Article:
Also it is correct that there are different classes of PT and the green stuff (which is what was used 20+ years ago) was nowhere near as good as the current Brown PT. The best on the market but hard to get is Bluwood which incorporates a few different things and is 100% non-toxic to humans. PT also uses different types of wood, even poplar in some cases ! This is yet another factor to consider is what species of wood is used... Of course if it's Spruce or White / Red Pine then of course your getting a better graded lumber to start with.

Bottom line, ask questions (never be afraid to do so) but be prepared to engage common sense, critical thinking and accept the Opinions & Advice filtering it with a grain of proverbial salt and decipher what makes most logical & rational sense to you. It's your build & you want It to be the best you can build & to last as long as it can, so you have to think that through.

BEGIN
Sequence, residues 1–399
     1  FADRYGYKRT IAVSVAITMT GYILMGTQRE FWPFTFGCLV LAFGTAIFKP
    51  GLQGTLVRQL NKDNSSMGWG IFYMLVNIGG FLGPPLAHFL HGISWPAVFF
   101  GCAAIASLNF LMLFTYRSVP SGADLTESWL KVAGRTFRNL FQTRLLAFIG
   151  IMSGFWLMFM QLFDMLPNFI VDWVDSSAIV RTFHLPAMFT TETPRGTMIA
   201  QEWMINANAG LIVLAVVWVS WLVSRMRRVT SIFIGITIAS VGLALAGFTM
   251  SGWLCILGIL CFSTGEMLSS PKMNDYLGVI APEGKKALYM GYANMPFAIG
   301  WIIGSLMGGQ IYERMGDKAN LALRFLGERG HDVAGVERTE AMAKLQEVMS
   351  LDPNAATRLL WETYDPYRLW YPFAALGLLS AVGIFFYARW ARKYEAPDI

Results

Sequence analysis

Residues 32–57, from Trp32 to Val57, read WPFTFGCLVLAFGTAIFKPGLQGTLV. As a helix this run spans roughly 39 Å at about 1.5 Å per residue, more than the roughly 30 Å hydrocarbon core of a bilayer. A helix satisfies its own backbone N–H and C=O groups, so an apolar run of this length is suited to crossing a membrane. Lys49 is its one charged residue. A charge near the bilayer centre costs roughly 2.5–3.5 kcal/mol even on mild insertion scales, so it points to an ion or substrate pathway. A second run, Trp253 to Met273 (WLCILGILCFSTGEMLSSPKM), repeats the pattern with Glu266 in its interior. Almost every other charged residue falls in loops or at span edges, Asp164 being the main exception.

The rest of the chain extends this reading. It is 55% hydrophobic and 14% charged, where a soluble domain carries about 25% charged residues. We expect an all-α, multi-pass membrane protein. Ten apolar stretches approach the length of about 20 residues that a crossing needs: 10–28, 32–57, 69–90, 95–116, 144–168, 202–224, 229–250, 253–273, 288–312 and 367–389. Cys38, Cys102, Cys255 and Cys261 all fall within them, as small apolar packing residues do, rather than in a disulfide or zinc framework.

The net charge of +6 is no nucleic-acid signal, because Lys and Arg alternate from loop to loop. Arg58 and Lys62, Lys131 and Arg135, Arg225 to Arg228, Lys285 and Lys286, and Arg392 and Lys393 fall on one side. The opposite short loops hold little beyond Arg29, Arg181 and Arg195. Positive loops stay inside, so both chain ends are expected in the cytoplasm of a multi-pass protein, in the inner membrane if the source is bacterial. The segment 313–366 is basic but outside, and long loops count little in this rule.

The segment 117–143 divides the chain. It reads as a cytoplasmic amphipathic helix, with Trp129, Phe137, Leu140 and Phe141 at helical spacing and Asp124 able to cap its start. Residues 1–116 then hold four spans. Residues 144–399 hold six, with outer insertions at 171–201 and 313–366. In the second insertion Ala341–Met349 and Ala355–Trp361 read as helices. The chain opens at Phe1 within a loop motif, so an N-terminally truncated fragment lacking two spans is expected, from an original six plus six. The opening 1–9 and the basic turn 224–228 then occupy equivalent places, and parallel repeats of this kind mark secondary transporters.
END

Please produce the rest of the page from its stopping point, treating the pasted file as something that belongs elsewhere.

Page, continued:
Princelake
Member
# Posted: 13 Sep 2019 17:54
Reply 


The best wood is preserved wood. It's tough to come by. It's designed to go below grade for 100 years plus. It's designed for wood basements. I'm not sure why it's not more main stream as an option for decks and what not. It looks exactly like pressure treated

KinAlberta
Member
# Posted: 13 Sep 2019 22:41
Reply 


There’s lots to know before using treated wood.

A start here:

What's the Difference: Pressure-Treated Lumber - Fine Homebuilding
2015
https://www.finehomebuilding.com/2015/01/07/whats-the-difference-pressure-treated-lum ber

paulz
Member
# Posted: 14 Sep 2019 13:28
Reply 


Question: I have a bunch of good PT lumber, age unknown. Some green color, some brown. Does the green stuff have the old chemicals and the brown the new?

Princelake
Member
# Posted: 14 Sep 2019 17:39
Reply 


Paul's read kinalberta link he posted. It explains it there.